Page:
“If life is a bowl of cherries then what am I doing in the pits?” – Erma Bombeck
We were never promised a bowl of cherries
There seems to be a common human delusion that if we’re “good” and do “good things” that life will respond by being “good” – a.k.a. struggle- and pain-free. Maybe it is less a delusion than a hope. Delusion or hope, it creates in us an innate resistance to life’s challenging or uncomfortable moments.
This resistance blinds us to the reality that life is joy and suffering, comfort and pain, success and failure. Please note, and not or. Life is both. In fact, the most meaningful moments in my life, the times when I’ve learned and grown the most, have sprung from challenging, uncomfortable, and even painful times. I suspect this is true for you as well.
Struggle helps us develop into our best selves
Henri Nouwen, Dutch priest, author, and professor, writes,
“… in order to become full human beings, we have to claim the totality of our experience; we come to maturity by integrating not only the light but also the dark side of our story into our selfhood.”
In other words, we cannot become the people we are meant to be without accepting and squeezing the juice out of every single moment in our lives, even those we would not have chosen.
Howard Thurman, American author, pastor, educator, and civil rights leader taught that we cannot merely “acquire knowledge of self – it is realized through struggle.” In other words, not only do our struggles reveal to us our own greatest gifts and abilities but navigating them gives our life its deepest meaning – to us and to the world around us.
Yoga offers us a safe place to practice struggling
My yoga mat has provided a safe arena for me to practice the art of opening myself to the gifts of both challenges and suffering.
None of us can practice yoga without running into a posture that is difficult or impossible for us. It is in fact these challenges that are the heart of the practice – teaching us to maintain the same attitude whether we can or cannot do what is asked of us. The key to this even attitude is a willingness to accept our mistakes and failures as invitations to keep on practicing, to keep on learning, and to continue to grow.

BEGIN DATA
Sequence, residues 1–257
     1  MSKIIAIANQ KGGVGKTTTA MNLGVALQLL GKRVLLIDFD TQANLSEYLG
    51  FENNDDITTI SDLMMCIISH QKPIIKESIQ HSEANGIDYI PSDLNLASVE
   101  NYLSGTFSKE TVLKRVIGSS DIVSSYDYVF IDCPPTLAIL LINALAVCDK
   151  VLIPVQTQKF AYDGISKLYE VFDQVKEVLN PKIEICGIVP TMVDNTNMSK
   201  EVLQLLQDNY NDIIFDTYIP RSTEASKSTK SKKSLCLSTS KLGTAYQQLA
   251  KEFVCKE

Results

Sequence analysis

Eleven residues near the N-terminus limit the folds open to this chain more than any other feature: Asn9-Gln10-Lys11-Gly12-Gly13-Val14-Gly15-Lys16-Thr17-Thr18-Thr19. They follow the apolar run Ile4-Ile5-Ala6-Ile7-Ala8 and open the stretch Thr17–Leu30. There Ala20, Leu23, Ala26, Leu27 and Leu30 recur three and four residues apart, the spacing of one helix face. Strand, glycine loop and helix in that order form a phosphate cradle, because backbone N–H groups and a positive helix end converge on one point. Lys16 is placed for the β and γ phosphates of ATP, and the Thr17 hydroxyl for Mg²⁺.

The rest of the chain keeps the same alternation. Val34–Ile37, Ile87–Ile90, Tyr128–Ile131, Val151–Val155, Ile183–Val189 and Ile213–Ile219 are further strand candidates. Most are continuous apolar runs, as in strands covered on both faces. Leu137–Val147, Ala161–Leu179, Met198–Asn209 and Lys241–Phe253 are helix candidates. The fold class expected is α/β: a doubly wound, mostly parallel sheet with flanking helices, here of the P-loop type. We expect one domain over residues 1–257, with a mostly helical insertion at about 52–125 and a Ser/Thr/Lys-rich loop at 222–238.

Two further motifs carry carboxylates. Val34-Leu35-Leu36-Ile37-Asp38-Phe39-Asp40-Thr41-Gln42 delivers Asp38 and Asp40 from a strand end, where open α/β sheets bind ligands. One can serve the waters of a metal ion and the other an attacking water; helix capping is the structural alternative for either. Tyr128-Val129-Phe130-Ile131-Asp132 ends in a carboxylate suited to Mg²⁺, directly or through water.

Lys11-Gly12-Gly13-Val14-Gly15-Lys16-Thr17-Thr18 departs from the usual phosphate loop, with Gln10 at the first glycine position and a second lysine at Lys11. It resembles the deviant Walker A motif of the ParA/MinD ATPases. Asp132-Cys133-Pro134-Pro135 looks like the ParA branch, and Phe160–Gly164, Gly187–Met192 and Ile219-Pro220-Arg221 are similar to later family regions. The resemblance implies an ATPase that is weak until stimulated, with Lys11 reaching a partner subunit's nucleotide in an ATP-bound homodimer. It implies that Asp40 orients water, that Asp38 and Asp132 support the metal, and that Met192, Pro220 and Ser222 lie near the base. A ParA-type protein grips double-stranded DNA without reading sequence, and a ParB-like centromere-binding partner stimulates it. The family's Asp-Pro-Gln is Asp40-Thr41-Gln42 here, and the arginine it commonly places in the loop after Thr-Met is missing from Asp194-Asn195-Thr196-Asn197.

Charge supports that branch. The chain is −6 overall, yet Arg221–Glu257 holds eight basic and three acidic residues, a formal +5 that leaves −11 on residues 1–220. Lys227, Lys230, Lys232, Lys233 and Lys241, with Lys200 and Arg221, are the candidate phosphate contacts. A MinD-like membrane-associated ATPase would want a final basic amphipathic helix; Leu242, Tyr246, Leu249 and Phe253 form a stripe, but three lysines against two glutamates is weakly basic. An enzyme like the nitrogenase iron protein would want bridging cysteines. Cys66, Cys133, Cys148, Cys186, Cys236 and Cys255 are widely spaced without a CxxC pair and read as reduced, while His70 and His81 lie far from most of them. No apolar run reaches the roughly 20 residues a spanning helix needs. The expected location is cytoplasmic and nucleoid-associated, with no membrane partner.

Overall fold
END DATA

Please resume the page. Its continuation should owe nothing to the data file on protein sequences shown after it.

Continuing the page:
It is also true that none of us can practice yoga without eventually having to deal with an ache, pain, illness, or injury. The fact that these human bodies of ours are not invincible has much to teach us. On our yoga mats, we learn to be gentle with ourselves; to seek the lessons hiding in the pain; to be flexible about what is possible; to stay open to new ways when the old no longer serve us. Ultimately, we learn that pain is inevitable, but the choice to suffer or not is ours to make.
Because of my practice, I have been better prepared to navigate struggles in all areas of my life. Flooded basements. Job changes. An emptying and re-filling nest. An exhausting period of political discord. Illness, my own and others. Grief. A seemingly endless pandemic. The list goes on. I will not.
To struggle gracefully means to struggle with optimism, faith, and gratitude
Does this mean I haven’t been anxious or angry, deflated or depressed, frustrated or frantic? Heck no. What it means is that I have felt all these ways while knowing that I will eventually get through whatever is causing me pain. Not only that, but I have faith that the current challenge, like all those before it and after it, will leave me stronger and wiser and a little bit closer to being the woman I am capable of being.
But the most important lesson I have learned from my yoga practice and my life is that navigating what Erma Bombeck refers to as life’s “pits” is a whole lot easier when I stay keenly aware and deeply grateful for all of life’s cherries. Because, even in our darkest moments, there are always cherries.
 Walter Earl Fluker, The inward Sea: Mapping Interior Landmarks for Leaders, in Anchored in the Current: Discovering Howard Thurman as Educator, Activist, Guide, and Prophet, edited by Gregory C. Ellison II